Countries on each side of the Tropical Atlantic will be used as case studies in PADDLE (Senegal, Cabo Verde, North East Brazil). These three case studies have strong history of fisheries, recent experience in offshore energy production, a real need to maintain artisanal fisheries, and to share exploitation of their ZEE and continental shelves with other countries (fisheries agreement, oil exploitation, offshore wind farms). Conciliating human activities at sea generates challenges. Failures and success stories need to be shared between the case studies.
S.O.1 To identify the needs and potential impact of MSP on societal, political and ecological dynamics in Tropical Atlantic by consolidate existing research collaboration.
S.O.2 To share and integrate approaches and knowledge among academic and non academic partners for the development and innovation
S.O.3 To develop, apply and disseminate innovative tools and platform for knowledge-based tropical marine spatial planning
S.O.4 To enhance careers prospective for African, Brazilians and Europeans by building on a multidisciplinary and multicultural consortium of renewed experts in a diversity of complementary domain of expertise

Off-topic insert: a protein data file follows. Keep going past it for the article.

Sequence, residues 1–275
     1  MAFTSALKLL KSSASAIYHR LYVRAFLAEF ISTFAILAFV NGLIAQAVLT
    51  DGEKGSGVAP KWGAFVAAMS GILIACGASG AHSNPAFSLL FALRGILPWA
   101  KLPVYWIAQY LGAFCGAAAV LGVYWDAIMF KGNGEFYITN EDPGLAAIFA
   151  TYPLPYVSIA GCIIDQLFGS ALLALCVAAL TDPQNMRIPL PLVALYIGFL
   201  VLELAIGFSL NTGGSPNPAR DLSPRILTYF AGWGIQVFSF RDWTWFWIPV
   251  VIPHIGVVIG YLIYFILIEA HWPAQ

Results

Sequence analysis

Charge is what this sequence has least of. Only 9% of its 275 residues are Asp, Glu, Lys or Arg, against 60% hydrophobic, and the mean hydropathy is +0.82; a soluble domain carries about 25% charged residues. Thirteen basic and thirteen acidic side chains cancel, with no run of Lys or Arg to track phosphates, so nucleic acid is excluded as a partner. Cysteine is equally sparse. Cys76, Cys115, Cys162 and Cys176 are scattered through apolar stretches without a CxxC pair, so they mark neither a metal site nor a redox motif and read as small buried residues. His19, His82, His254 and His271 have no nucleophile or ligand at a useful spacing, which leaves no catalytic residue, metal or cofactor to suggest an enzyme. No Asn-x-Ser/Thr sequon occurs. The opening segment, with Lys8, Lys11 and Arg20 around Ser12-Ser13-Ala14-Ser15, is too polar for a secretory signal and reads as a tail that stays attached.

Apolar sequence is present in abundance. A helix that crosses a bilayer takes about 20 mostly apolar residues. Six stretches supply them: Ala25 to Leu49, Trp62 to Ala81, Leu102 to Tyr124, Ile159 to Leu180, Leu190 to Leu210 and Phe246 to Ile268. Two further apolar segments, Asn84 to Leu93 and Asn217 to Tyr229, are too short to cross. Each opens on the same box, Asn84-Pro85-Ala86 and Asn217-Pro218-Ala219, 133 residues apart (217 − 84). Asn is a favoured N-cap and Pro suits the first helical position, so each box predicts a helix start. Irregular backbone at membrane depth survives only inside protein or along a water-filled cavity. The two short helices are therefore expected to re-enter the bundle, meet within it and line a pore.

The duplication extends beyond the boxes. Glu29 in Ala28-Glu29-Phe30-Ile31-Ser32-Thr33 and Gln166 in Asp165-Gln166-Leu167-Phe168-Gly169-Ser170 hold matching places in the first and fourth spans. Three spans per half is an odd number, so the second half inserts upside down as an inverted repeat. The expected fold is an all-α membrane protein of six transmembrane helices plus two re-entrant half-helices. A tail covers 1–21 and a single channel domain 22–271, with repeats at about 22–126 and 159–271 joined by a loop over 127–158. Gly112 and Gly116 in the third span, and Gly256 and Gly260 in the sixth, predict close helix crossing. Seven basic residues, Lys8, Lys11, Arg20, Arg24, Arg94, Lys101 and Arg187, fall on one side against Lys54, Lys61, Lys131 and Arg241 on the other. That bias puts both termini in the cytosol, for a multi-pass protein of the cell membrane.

S.O.5 To better global collaboration between local and foreign scientists, by Building long-term collaborative relationships
S.O.6 To contribute to the aims of the Galway Statement on Atlantic Ocean
The aim of the PADDLE project is to build a network capable of generating these innovations about opportunities and limits of scientific tools to reboot the debate on tropical marine resources governance. To this end, the work in PADDLE is organized in five interrelated work packages (WPs) with specific goals and deliverables. WP1 will facilitate the internal and external processes needed to guarantee the success of the project including project management and communication and dissemination of the results. The other four WPs (WP 2-5) are based on research activities, which support PADDLE's aim of building a collaborative, international platform of academic and non-academic experts who are - and will become increasingly - specialized in marine spatial planning in tropical regions.
WP4 - Challenges and Solutions for Tropical Atlantic MSP